The above transformation starts with the exponential distribution with mean 1 (without the scale parameter) and the scale parameter \theta is added back in at the end. We can also accomplish the same result by starting with an exponential variable X with mean (scale parameter) \theta^\tau. Then raising X to 1/\tau, -1, and -1/\tau would generate the three distributions described in the above table. In this process, the scale parameter \theta is baked into the base distribution. This makes it easier to obtain the moments of the “transformed” exponential distributions since the moments would be derived from exponential moments.
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Connection with Weibull Distribution

Compare the density function for the transformed exponential distribution with the density of the Weibull distribution discussed here. Note that the two are identical. Thus raising an exponential distribution to 1 / \tau where \tau >0 produces a Weibull distribution.

On the other hand, raising a Weillbull distribution to -1 produces an inverse Weillbull distribution (by definition). Let F_X(x)=1-e^{- x^\tau} be the CDF of the base Weibull distribution where \tau >0. Let’s find the CDF of Y=X^{-1}. Then add the scale parameter.

    \displaystyle F_Y(y)=P(Y \le y)=P(X \ge 1 / y)=e^{- (1/y)^\tau}

    \displaystyle F_Y(y)=e^{- (\theta/y)^\tau} (scale parameter added)

Note the the CDF of inverse Weibull distribution is identical to the one for inverse transformed exponential distribution. Thus transformed exponential distribution is identical to a Weibull distribution and inverse transformed exponential distribution is identical to an inverse Weibull distribution.

Since Weibull distribution is the same as transformed exponential distribution, the previous post on Weibull distribution can inform us on transformed exponential distribution. For example, assuming that the Weibull distribution (or transformed exponential) is a model for the time until death of a life, varying the shape parameter \tau yields different mortality patterns. The following are two graphics from the proevious post.

Figure 1

weibull-pdfs-2

Figure 2

weibull-failure-rates

Figure 1 shows the Weibull density functions for different values of the shape parameter (the scale parameter \theta is fixed at 1). The curve for \tau=1 is the exponential density curve. It is clear that the green density curve (\tau=2) approaches the x-axis at a faster rate then the other two curves and thus has a lighter tail than the other two density curves. In general, the Weibull (transformed exponential) distribution with shape parameter \tau >1 has a lighter tail than the Weibull with shape parameter 0<\tau <1.

Figure 2 shows the failure rates for the Weibull (transformed exponential) distributions with the same three values of \tau. Note that the failure rate for \tau=0.5 (blue) decreases over time and the failure rate for \tau=2 increases over time. The failure rate for \tau=1 is constant since it is the exponential distribution.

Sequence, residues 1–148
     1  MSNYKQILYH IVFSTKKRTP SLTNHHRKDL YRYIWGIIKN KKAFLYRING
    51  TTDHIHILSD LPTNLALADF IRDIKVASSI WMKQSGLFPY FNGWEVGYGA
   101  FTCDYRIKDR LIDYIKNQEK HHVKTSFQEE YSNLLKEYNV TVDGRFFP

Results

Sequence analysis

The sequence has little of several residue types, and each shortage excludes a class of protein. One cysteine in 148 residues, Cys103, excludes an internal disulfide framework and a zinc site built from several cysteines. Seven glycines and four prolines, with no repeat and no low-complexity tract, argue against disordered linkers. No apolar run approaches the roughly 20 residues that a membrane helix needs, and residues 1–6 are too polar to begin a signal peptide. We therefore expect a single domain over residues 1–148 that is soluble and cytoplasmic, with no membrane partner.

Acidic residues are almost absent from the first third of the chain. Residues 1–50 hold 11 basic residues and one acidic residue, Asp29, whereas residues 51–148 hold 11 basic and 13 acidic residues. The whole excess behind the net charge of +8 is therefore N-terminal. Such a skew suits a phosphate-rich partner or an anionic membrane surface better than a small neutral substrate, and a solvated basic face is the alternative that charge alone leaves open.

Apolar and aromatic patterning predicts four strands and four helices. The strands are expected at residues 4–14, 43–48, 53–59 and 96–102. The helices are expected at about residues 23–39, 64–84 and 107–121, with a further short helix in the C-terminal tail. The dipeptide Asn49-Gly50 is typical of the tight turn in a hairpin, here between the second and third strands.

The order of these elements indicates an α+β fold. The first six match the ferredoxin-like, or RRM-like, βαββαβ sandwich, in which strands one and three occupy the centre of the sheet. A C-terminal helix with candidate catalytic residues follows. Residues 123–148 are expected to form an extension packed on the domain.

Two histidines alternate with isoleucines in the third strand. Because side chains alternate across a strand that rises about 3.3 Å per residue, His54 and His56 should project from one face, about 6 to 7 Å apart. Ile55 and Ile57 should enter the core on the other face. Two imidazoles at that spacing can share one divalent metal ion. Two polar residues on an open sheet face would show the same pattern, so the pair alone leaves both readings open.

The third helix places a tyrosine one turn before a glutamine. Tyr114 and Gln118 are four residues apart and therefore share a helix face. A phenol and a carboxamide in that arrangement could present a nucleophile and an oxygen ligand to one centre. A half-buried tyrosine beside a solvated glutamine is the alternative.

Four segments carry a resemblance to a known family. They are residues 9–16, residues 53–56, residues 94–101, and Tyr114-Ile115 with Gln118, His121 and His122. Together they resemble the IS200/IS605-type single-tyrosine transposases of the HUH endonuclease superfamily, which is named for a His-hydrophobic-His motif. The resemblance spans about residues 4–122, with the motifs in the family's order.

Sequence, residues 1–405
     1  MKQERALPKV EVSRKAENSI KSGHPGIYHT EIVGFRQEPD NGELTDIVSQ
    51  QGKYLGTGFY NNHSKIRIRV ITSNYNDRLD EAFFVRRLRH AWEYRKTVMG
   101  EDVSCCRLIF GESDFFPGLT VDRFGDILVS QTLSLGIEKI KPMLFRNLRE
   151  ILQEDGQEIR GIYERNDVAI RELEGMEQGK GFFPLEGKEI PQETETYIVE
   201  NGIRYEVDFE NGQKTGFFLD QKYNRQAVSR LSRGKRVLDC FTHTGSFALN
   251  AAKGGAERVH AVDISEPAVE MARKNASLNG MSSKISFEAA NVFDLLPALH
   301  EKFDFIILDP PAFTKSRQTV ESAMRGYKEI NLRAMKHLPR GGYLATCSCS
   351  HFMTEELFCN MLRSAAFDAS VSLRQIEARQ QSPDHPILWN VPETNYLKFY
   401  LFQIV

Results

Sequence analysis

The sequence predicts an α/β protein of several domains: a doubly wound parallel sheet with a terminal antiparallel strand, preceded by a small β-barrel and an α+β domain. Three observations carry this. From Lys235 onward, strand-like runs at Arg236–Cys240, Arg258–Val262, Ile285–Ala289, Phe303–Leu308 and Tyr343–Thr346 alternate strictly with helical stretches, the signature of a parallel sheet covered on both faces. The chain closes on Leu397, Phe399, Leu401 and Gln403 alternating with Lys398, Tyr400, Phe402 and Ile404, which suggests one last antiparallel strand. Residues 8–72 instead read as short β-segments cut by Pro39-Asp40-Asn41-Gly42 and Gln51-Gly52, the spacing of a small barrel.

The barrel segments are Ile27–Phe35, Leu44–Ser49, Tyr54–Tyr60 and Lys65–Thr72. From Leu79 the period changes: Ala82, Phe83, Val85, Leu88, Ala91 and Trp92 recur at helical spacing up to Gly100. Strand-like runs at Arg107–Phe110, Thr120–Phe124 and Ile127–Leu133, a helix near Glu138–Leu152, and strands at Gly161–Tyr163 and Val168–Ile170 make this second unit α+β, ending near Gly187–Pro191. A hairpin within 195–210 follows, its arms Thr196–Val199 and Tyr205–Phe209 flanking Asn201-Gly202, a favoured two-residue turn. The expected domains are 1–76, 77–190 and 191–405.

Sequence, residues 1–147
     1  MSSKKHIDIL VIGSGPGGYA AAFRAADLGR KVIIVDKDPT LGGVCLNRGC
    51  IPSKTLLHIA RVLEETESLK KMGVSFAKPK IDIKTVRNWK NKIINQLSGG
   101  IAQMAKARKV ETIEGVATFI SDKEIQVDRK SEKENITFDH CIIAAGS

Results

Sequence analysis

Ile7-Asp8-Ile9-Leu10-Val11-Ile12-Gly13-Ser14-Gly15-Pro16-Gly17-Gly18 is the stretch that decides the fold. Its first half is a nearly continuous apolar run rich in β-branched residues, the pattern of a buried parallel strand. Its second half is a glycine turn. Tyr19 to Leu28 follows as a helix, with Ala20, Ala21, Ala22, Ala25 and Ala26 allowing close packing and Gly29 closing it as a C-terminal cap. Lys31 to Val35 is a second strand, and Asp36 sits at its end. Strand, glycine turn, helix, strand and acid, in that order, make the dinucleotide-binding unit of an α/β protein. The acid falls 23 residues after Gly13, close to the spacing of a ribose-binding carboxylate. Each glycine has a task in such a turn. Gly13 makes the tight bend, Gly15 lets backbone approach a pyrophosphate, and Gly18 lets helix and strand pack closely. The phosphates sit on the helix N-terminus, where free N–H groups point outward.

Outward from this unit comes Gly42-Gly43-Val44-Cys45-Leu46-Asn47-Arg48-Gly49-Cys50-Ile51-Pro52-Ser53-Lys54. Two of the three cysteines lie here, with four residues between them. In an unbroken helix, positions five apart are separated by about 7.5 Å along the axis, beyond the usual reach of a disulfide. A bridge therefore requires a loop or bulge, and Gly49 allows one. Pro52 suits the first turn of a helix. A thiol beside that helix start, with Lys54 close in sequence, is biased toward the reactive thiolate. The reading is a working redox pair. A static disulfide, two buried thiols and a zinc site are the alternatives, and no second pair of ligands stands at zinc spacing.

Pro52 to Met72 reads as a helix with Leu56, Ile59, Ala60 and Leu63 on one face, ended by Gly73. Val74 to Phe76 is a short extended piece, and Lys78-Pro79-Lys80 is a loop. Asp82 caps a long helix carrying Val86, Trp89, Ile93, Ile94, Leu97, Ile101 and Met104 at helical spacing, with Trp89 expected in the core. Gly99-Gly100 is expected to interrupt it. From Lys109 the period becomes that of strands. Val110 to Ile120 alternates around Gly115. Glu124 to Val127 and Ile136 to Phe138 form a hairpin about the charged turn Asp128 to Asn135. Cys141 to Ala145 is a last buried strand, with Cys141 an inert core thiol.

What is being displayed in Figure 2 describes a general pattern. When the shape parameter is 0<\tau<0.5, the failure rate decreases as time increases and the Weibull (transformed exponential) distribution is a model for infant mortality, or early-life failures. Hence these Weibull distributions have a thicker tail as shown in Figure 1.

When the shape parameter is \tau >1, the failure rate increases as time increases and the Weibull (transformed exponential) distribution is a model for wear-out failures. As times go by, the lives are fatigued and “die off.” Hence these Weibull distributions have a lighter tail as shown in Figure 1.

When \tau=1, the resulting Weibull (transformed exponential) distribution is exponential. The failure rate is constant and it is a model for random failures (failures that are independent of age).

Thus the transformed exponential family has a great deal of flexibility for modeling the failures of objects (machines, devices).

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Moments and Other Distributional Quantities

The moments for the three “transformed” exponential distributions are based on the gamma function. The two inverse distributions have limited moments. Since the transformed exponential distribution is identical to Weibull, its moments are identical to that of the Weibull distribution. The moments of the “transformed” exponential distributions are E(Y)=E(X^{1 / \tau}) where X has an exponential distribution with mean (scale parameter) \theta^\tau. See here for the information on exponential moments. The following shows the moments of the “transformed” exponential distributions.

Name of Distribution Moment
Transformed Exponential E(Y^k)=\theta^k \Gamma(1+k/\tau) k >- \tau
Inverse Exponential E(Y^k)=\theta^k \Gamma(1-k) k <1
Inverse Transformed Exponential E(Y^k)=\theta^k \Gamma(1-k/\tau) k <\tau

The function \Gamma(\cdot) is the Gamma function. The transformed exponential moment E(Y^k) exists for all k >- \tau. The moments are limited for the other two distributions. The first moment E(Y) does not exist for the inverse exponential distribution. The inverse transformed exponential moment E(Y^k) exist only for k<\tau. Thus the inverse transformed exponential mean and variance exist only if the shape parameter \tau is larger than 2.